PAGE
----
09/09/2005 12:57:22 AM · #6
Does anyone happen to know the equiv. minimum ISO rating for the Canon 20D and Nikon D2X?

Not "comparable" cameras I know. But I doubt I can stretch my pocket to a D2X. The Canon might be better in this regard than my present Nikon D70.
09/09/2005 01:06:45 AM · #7
Originally posted by gruvin:

[ But given a minimum equivalent ISO rating of 200 for the D70's CCD I would suggest the extra dynamic range is more than lost in the noise. Or at least the noise has more colour range too. Not much help.

Don't let the number fool you. I shot the same scene with the same settings with my D70 and my buddies 10D - mine on 200 ISO, his on 100. We both under and overexposed trying to see how "superior" his Canon was.

Looked pretty much the same to both of us. When speaking with a guy at B&H and a guy at a local camera store both explained that there is a difference in the way the sensors are made. I don't know why if 200 on Nikon is the same as 100 on Canon - why doesn't Nikon just call it 100?

When I first found out about the 200 ISO minimum I was ready to pack up the old D70 and send it back. I'm glad I stayed.

And BTW, RAW rocks! If I'm going to shoot one shot for a client, no matter how many takes we do, I want them all in RAW so I can tweak the exposure, WB, etc to perfection. I find that it frees my mind for more compositional, creative interpretation of what I'm shooting, knowing that pretty darn close on location can be tweaked to perfection later.

I'm a convert of the digital age. 20 years shooting in the dark, waiting for developing to know what I got, 11 months of unbelievable creativity now with digital. Heck with the pure photography, if I can tweak in post, I'm tweaking! That's what RAW gives me.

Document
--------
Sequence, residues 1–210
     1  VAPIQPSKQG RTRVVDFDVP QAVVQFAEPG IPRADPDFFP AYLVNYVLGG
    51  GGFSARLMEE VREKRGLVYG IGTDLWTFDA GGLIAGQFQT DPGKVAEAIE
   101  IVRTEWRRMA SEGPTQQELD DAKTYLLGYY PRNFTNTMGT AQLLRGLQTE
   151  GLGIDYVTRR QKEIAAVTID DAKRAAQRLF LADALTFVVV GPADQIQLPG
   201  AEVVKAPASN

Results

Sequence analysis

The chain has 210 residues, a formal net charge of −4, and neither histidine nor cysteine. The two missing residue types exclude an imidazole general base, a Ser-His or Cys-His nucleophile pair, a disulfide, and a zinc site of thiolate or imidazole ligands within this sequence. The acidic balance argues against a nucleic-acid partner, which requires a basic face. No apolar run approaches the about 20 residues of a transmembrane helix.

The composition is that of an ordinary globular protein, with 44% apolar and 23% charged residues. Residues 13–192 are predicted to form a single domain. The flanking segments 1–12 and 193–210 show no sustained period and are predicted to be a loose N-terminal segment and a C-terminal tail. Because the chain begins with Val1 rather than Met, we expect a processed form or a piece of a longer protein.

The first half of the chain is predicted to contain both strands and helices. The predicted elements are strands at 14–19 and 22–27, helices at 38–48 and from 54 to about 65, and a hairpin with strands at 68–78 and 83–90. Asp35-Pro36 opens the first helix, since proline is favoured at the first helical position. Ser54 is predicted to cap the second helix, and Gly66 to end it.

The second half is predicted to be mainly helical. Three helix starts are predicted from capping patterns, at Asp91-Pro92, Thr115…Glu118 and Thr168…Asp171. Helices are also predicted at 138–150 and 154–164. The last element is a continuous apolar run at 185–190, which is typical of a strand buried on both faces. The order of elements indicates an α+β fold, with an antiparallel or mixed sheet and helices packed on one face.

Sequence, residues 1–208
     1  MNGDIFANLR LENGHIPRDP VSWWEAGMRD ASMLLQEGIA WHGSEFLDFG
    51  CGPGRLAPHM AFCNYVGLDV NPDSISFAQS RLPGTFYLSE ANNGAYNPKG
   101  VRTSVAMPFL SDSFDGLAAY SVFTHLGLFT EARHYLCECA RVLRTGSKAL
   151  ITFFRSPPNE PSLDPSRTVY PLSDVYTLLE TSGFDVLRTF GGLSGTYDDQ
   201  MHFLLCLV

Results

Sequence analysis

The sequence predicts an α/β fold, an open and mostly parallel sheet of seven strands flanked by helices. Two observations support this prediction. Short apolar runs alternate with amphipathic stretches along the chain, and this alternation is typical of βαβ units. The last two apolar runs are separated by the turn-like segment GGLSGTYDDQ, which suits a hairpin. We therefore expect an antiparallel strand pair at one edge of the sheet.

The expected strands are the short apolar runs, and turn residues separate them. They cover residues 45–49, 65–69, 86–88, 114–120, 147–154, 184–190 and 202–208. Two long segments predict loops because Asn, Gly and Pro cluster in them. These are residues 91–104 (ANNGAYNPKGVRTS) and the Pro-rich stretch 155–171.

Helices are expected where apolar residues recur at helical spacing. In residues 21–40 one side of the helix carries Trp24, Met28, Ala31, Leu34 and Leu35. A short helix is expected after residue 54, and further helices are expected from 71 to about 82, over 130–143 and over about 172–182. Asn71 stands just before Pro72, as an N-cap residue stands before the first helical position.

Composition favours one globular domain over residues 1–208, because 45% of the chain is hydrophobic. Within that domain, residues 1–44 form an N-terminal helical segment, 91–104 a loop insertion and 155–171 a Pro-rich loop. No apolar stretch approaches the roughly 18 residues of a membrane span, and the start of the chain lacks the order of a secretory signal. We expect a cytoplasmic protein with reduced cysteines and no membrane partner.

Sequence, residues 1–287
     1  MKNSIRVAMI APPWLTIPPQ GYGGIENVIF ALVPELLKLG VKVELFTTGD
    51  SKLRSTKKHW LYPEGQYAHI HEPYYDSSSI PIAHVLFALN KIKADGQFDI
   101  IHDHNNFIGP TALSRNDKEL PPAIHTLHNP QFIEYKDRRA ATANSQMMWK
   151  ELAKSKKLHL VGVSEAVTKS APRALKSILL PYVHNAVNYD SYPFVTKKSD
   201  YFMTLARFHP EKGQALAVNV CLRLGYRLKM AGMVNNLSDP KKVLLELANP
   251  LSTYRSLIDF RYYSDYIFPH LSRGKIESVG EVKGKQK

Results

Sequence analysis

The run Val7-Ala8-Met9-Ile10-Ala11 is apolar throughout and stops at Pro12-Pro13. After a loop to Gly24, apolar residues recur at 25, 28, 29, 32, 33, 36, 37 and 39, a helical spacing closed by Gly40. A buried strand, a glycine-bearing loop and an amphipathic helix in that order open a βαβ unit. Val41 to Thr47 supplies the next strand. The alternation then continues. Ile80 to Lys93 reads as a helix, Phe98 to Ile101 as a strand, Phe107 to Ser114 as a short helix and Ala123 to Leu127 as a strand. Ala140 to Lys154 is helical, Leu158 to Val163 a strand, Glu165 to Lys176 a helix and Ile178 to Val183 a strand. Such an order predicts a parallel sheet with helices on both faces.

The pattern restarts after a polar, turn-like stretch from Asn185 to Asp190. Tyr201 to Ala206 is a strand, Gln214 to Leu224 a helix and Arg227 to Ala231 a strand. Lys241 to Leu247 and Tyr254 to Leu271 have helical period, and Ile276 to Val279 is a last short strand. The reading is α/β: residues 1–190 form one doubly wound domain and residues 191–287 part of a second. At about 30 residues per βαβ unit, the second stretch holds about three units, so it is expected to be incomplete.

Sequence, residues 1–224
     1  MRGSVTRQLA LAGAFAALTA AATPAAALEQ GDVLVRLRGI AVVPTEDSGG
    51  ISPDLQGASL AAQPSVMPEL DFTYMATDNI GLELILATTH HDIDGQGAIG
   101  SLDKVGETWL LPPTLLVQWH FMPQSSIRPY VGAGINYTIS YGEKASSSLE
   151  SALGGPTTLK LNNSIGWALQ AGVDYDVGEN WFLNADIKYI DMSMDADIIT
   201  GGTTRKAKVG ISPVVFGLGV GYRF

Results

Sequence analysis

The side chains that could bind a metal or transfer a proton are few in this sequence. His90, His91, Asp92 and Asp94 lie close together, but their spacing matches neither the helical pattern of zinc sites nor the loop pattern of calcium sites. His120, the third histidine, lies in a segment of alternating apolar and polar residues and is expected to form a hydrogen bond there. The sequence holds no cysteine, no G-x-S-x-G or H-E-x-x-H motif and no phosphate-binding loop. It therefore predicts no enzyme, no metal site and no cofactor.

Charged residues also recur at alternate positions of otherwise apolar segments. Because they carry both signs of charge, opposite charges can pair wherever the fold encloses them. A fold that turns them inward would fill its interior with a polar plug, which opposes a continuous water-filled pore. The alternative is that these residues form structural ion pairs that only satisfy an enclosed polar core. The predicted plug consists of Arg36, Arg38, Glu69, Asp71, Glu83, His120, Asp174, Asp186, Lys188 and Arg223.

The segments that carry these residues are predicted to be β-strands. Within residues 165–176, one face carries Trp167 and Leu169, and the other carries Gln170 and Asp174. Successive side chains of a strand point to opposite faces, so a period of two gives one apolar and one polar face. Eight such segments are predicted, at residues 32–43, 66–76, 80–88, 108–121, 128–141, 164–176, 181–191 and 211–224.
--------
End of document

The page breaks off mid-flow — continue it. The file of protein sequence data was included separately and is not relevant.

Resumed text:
I would love more unbiased (or biased) info on the difference between Nikon and Canon sensors if anyone knows of independent studies...
09/09/2005 01:20:58 AM · #8
I'm no expert on 8-bit and 16-bit, I'm pretty new to RAW myself in fact. I shot it a little with the Coolpix 5700 but it didn't seem worth the effort. Now I don't shoot nayhting else on the 20D. I can give you one, solid reason why: sunsets and sunrises.

In the beginning I shot RAW + JPG-fine, and bracketed. In EVERY case where the sun, or the area where the sun is, behind the clouds, I was able to pull highlight detail out of the RAW capture MUCH better than I could from the JPG. There's no question in my mind.

So I figure, if it's that good at the extreme, it certainly can't be a LIABILITY anywhere else, and I just went over to straight RAW. The simplified EOIS Viewer utility that came with the 20D does a perfectly workmanlike job of tweaking the RAW files and converting them to TIFF. These TIFFs need very little work in Photoshop, for the most part. Overall time drain is somewhat less working from RAW, in fact. JPGs seem to take me more time in PS than RAW does in EOS Viewer and PS combined.

That's my story and I'm sticking to it.

09/09/2005 01:25:28 AM · #9
its the adjustment after that I shoot in raw for..

if I accidently slightly under or over expose...its all there for me to play with.
no iso 200limit with mine, iso 100->3200 as usual
its also easier for adjusting white balance, and more dynamic range for adjusting colours (lessens banding)